Ye Olde Faire of Yore. Or something like that. *A Trenderfriend exclusive*

This past Labor Day weekend marked the end of the season for the Bristol Renaissance Faire, located just north of the Illinois-Wisconsin border in Bristol, Wisconsin.  It’s been around since at least 1975 and is a pretty popular attraction, bringing in nearly 400,000 seasonal attendees during the summer months that it’s open, at least in the northern regions of the country (typically, June-ish, until Labor Day).  It may not be as popular a destination as more solidified theme park brands (Six Flags, not to mention the global reach of the Disney brand and their theme parks), but it caters to a different type of mentality, one that appears to embrace a more ‘lifestyle’ (or rather, ‘lyfestyle’…ok nevermind), approach, where lines between reality and fantasy are blurred for many attendees.



The Bristol Faire (according to Wikipedia) began in the late 1970s as ‘King Richard’s Faire’, a fictitious English monarch, and set it the late 1500s.  Fast forward a few decades and it’s a strange affair all around – It’s lively and fun, without a doubt.  But the lines have blurred for what this type of stage is really trying to promote.  It’s no longer about showcasing the bygone days of english fiefdoms, poor hygiene and selling semi-decently made leather-goods.  Rather, it’s a strange melange of different eras, cliques, even clothing styles that have nothing to do with its original intent.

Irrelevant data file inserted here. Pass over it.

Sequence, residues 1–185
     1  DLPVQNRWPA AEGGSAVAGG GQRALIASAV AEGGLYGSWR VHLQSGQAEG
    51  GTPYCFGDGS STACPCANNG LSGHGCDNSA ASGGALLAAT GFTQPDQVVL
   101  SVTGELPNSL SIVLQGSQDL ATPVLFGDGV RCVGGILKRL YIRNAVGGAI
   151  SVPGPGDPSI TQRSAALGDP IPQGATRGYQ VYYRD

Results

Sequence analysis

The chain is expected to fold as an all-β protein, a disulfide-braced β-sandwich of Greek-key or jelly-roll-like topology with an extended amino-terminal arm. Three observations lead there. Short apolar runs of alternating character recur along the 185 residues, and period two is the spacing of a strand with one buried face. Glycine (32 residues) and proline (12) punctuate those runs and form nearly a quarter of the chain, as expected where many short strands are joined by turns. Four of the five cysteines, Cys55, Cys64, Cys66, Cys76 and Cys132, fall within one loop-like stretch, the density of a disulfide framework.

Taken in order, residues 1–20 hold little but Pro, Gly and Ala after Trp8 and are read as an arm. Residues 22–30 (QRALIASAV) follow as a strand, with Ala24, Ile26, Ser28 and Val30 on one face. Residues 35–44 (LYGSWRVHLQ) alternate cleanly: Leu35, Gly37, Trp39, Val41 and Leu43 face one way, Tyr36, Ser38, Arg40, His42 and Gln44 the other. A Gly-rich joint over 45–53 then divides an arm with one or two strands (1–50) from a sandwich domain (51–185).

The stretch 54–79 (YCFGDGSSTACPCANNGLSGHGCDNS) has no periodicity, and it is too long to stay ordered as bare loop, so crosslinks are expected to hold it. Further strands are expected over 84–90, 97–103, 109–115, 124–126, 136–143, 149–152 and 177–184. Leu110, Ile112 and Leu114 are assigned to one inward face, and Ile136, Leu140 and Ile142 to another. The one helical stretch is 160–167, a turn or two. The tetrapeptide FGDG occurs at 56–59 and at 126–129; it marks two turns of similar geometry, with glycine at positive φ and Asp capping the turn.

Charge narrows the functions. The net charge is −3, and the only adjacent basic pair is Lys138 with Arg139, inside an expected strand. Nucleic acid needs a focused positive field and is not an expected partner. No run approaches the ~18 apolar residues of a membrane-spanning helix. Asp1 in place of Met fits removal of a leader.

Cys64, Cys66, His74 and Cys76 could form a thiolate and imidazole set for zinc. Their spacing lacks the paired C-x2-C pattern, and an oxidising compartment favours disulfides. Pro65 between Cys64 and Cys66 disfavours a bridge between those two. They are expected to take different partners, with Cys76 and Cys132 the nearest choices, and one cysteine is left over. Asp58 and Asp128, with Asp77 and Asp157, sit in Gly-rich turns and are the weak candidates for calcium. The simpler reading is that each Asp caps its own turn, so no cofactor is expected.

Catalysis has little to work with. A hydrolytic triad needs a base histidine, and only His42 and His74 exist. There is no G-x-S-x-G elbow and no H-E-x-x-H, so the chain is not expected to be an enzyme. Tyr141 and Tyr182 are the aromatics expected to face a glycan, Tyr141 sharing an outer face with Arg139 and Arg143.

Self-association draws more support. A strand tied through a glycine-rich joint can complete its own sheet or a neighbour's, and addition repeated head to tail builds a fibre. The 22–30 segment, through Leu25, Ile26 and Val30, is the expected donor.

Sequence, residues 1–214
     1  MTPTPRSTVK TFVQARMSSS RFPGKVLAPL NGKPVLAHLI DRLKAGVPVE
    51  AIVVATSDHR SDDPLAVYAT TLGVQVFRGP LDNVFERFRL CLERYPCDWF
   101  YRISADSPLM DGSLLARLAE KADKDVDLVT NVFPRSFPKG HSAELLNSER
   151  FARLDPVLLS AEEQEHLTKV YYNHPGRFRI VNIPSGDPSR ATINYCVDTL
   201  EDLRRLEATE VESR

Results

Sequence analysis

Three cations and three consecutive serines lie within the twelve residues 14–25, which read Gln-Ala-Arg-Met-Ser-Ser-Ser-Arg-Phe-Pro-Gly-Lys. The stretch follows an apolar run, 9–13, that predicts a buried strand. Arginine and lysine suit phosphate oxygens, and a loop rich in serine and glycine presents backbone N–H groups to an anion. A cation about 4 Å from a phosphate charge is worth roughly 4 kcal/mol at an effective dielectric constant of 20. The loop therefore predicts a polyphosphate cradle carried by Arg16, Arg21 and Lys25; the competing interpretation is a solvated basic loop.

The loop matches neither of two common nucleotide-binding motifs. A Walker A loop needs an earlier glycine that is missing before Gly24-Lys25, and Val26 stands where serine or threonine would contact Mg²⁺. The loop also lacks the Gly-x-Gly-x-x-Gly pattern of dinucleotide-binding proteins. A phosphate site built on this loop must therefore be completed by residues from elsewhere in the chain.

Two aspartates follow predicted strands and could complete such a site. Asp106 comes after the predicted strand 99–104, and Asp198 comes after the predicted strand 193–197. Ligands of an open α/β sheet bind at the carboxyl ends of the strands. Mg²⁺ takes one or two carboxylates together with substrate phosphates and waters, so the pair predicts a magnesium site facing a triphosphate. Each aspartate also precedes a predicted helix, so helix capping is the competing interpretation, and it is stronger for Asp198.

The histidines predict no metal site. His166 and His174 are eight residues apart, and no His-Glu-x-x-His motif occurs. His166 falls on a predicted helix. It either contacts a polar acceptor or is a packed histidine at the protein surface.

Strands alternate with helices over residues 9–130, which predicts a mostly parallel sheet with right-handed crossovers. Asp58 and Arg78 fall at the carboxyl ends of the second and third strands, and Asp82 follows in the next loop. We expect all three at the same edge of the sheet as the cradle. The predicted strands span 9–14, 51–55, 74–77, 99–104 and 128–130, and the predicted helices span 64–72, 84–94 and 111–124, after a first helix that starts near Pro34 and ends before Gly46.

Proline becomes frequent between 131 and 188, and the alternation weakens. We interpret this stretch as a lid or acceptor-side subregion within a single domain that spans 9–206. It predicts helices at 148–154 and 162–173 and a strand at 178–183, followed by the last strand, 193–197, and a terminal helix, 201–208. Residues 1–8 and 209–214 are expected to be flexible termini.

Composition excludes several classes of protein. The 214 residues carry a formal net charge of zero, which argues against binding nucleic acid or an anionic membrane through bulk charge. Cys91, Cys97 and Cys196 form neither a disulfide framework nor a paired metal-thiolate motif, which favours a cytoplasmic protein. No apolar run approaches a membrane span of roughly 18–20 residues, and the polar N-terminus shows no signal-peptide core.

All images: copyright 2016.
What’s impressive about targeted destination playgrounds like this is how far they’ve branched out from their initial, seemingly more humble beginnings.
Even the local radio advertisements in greater Chicagoland have constantly barraged listeners with the (seemingly earnest) appeal that it doesn’t matter if you’re a pirate, Renaissance aficionado, goth-revivalist, or, yes, even a ‘Steampunker’ (ACTUAL radio ad term).  What does it all mean anymore when false individuality in the form of ad hoc genre groups don’t really represent the intent of a fantasy destination/playground?  Why still refer to it as a “Renaissance Faire”, when the majority of the costumed players and attendees seemingly dress in styles or genres that are only a few decades old?
Perhaps a better question is, does it really matter?  Escapism for adults can be more and more
rare, especially adults with kids in tow…sometimes one can wonder, who is actually bringing whom to the Faire, because some adults there appeared to be having considerably more fun than their offspring.  And a funny thought can occur while making your way through the busy crowds: what is the actual personality of some of these participants, and what is the alter-ego? A good guess for some of the revelers is probably (unsurprisingly) not what most would expect (a gay male couple dressed as courtly princes in matching attire and holding hands, can make one wonder if this is how they really feel on the inside…at least it was nice to see that barely anyone battered an eye that a gay couple was walking around hand in hand, something that would have been deemed demonic during the actual Renaissance.  Small steps, people.  Very very small steps).
At the end of the day, the best question is: was it a fun time?  If the answer is ‘yes’ than it doesn’t really matter how inaccurate the setting/styles/melting pot of archetypes is.  And perhaps that’s the whole point of the escapist mentality of these types of destinations.  As the advertisements stress, you don’t necessarily have to dress up to have a good time.  Sometimes, an escape to a mythical land as fake as Disney World is just as wonderful, especially when anyone and everyone is welcome, regardless of how silly they make look.  That takes the most amount of courage.

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